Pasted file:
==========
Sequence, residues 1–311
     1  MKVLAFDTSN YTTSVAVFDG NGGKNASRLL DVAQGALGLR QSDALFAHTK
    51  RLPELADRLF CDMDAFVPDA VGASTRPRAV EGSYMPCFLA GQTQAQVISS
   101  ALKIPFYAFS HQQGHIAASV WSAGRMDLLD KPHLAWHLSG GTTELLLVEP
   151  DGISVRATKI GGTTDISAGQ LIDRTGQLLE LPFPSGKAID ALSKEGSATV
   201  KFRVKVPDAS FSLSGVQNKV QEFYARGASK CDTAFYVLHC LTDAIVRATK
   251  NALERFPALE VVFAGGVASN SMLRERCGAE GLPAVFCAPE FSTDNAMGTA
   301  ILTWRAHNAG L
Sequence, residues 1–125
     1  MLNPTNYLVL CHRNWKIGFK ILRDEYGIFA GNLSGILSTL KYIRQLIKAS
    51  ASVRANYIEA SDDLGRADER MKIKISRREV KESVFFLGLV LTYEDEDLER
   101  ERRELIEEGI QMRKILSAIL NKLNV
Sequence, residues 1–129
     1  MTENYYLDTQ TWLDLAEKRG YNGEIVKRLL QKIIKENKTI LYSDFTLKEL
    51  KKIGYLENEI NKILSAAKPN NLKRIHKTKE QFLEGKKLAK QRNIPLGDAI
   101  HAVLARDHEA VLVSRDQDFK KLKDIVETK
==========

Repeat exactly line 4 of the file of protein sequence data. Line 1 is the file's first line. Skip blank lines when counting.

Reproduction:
   101  ALKIPFYAFS HQQGHIAASV WSAGRMDLLD KPHLAWHLSG GTTELLLVEP